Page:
The attachment 10 is assembled by placing the O-rings 16 in the semi-circular indentations 17A of the back shell portion 26, and the spring 22 in the recess 23. The front shell 24 is then aligned with the back shell 26, and the shell portions 24, 26 are secured with the screws 28 and nuts 29. To use the attachment 10, a user slides the flashlight 14 into the first bore 12 and slides the tool 20 into the second bore 18. The flashlight 14 is gripped and held on the attachment 10 by the O-rings 16, and the tool 20 is retained on the attachment 10 by the spring 22. In this description, the preferred tool is a ratchet extension bar for a socket. The fit between the spring 22 and the tool 20 is tight enough to prevent the attachment 10 from moving longitudinally, or sliding, relative to the tool unless the user intentionally applies force to cause it to move. However, the spring 22 freely rotates relative to the attachment 10 as the tool 20 rotates. Because of the weight of the flashlight 14, the attachment 10 will rotate so the flashlight 14 remains below the tool 20, even when the tool 20 is rotated manually, pneumatically, electrically, or otherwise. In other words, the tool 20 can rotate while the position and focus of the flashlight 14 remain essentially unchanged. For subsequent uses, the flashlight 14 can be exchanged by pulling the flashlight out of the first bore 12 and sliding a new flashlight into position. Similarly, the tool 20 can be exchanged by pulling the tool out of the second bore 18 and sliding a new tool into position. It is not necessary to separate the shell portions 24, 26 to make these substitutions.

EXAMPLE 1

In a preferred embodiment of the attachment housing 10 in FIGS. 2 and 3, each of the front and back shell portions 24, 26 is made of plastic, and has a length "L" of about 3", a height "H" of about 21/8", and a depth "D" of about 5/8". The first gripping members 16 are #115 O-rings; the second gripping member 22 is a spring made of 0.047" diameter music wire and has a length of about 0.7", and middle coils with an inner diameter of about 0.484" and end coils with an inner diameter of about 0.526" and an outer diameter of about 0.620"; and two 8-325/8" pan head phillips machine screws 28, and two 8-32 hex nylock nuts 29, are used to secured the back shell 26 to the front shell 24. The attachment housing 10 is proportioned to hold a AA-battery flashlight 14, and a 3/8" ratchet drive extension bar 20.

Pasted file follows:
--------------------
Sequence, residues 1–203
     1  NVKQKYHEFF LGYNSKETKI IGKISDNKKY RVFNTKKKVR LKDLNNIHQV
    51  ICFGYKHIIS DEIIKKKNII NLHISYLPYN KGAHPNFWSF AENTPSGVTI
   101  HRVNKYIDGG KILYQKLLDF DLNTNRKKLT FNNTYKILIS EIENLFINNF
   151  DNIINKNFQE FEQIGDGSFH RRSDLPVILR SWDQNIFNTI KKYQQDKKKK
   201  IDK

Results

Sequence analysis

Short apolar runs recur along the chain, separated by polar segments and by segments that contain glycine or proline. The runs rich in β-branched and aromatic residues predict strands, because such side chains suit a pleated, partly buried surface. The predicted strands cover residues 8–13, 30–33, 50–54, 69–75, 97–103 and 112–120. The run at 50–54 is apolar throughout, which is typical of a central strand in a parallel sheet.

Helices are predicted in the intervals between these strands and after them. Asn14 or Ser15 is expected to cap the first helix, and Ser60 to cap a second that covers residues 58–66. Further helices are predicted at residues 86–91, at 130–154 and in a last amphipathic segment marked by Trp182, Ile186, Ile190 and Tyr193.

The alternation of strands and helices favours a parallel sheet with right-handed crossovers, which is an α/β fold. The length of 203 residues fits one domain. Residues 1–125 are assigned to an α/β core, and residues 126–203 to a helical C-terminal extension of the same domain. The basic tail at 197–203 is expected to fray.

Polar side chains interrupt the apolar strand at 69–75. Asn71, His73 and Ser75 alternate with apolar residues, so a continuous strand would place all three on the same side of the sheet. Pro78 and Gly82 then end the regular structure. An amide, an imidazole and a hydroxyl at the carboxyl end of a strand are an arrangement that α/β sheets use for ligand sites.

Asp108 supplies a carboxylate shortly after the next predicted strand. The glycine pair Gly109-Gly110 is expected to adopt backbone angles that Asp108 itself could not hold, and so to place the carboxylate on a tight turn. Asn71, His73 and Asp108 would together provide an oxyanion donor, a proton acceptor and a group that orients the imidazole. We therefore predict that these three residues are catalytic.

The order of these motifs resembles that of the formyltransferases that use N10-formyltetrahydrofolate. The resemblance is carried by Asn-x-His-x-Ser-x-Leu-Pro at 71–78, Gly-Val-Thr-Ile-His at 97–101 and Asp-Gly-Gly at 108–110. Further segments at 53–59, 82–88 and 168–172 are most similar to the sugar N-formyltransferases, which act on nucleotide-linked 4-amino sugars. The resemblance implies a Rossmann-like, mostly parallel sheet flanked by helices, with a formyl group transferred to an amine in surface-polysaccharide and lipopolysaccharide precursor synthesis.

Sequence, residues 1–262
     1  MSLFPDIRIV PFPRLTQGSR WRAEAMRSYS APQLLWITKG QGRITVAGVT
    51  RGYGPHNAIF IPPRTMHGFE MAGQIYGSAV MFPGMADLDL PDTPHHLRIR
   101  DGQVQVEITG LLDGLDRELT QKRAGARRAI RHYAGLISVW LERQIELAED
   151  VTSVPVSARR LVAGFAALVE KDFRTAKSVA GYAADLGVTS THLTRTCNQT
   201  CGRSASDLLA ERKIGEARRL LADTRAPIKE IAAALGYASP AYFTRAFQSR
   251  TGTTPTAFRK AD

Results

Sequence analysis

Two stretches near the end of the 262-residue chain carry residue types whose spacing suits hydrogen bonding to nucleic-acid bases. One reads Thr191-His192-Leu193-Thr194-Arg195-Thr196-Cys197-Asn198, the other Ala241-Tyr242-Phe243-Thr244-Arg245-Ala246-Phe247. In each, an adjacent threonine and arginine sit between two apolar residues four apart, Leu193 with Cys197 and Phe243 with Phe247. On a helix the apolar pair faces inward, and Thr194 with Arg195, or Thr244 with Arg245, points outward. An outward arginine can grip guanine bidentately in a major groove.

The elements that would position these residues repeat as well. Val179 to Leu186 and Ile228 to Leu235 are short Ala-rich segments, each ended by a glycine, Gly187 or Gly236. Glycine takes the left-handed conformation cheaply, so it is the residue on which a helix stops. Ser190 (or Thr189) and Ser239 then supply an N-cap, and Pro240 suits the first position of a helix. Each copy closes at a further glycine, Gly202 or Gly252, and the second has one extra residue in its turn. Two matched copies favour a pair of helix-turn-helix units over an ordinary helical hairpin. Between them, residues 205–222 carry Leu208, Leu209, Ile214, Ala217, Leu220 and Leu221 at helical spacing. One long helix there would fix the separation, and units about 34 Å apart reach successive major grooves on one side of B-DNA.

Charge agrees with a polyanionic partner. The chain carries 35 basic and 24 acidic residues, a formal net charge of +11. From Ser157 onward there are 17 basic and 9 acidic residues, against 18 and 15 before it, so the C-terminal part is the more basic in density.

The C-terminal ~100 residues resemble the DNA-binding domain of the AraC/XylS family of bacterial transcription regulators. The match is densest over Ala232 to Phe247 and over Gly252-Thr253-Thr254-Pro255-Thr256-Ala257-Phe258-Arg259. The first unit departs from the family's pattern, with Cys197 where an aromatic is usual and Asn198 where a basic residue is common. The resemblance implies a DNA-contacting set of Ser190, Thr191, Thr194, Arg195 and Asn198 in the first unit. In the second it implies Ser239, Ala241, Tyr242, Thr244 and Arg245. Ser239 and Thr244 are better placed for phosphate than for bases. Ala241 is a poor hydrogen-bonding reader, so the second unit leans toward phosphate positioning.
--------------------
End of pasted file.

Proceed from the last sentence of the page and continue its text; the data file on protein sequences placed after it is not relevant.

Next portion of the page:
The first and second bores 12, 18 are essentially parallel with the top (horizontal) edge, the first bore 12 having a horizontal axis approximately 11/2" from the top edge and having a diameter of about 3/4", and the second bore 18 having a horizontal axis approximately 1/2" from the top edge and having a diameter of about 33/64". The indentations 17 along the first bore 12 have vertical centerlines approximately 3/16" from the side edges. Each first indentation 17 has a diameter of approximately 29/32" and a width of approximately 7/64". The second recess 23 along the second bore 18 has a vertical centerline at the midpoint of the length of the attachment, which for this attachment is about 11/2" from the side edges, and has a diameter of about 11/16" or 0.6875 and a length of approximately 3/4". Two 11/64" diameter holes 30 extend through the front and back shells 24, 26, and are centered about 7/8" from the top edge and about 13/32" from the side edges. Each hole 30 has a recess 32 of on the outer face of the shell portions 24, 26 to accommodate the heads of the screws 28 or the nuts 29. The difference between the outer diameter of the ends of the spring of 0.620" and the inner diameter of the second recess of 0.6875" leaves a gap of 0.0675" between the spring and the recess, so the housing exerts no compressive force on the spring and does not affect the gripping force between the spring and the tool.

EXAMPLE 2

In an alternative embodiment, shown in FIG. 4, the attachment housing 10 is made as in Example 1, except the second gripping member 22A is a plastic bushing, having a length of about 0.7", an inner diameter of about 0.48", and an outer diameter of about 0.6". The bushing 22A expands as the tool 20 is pushed through and then the bushing grips the tool 20 while rotating freely within the second recess 23. The gap of 0.0875" between the 0.6" outside diameter of the bushing and the 0.6875" inside diameter of the second recess again means that the housing exerts no compressive force on the bushing and does not affect the gripping force between the bushing and the tool.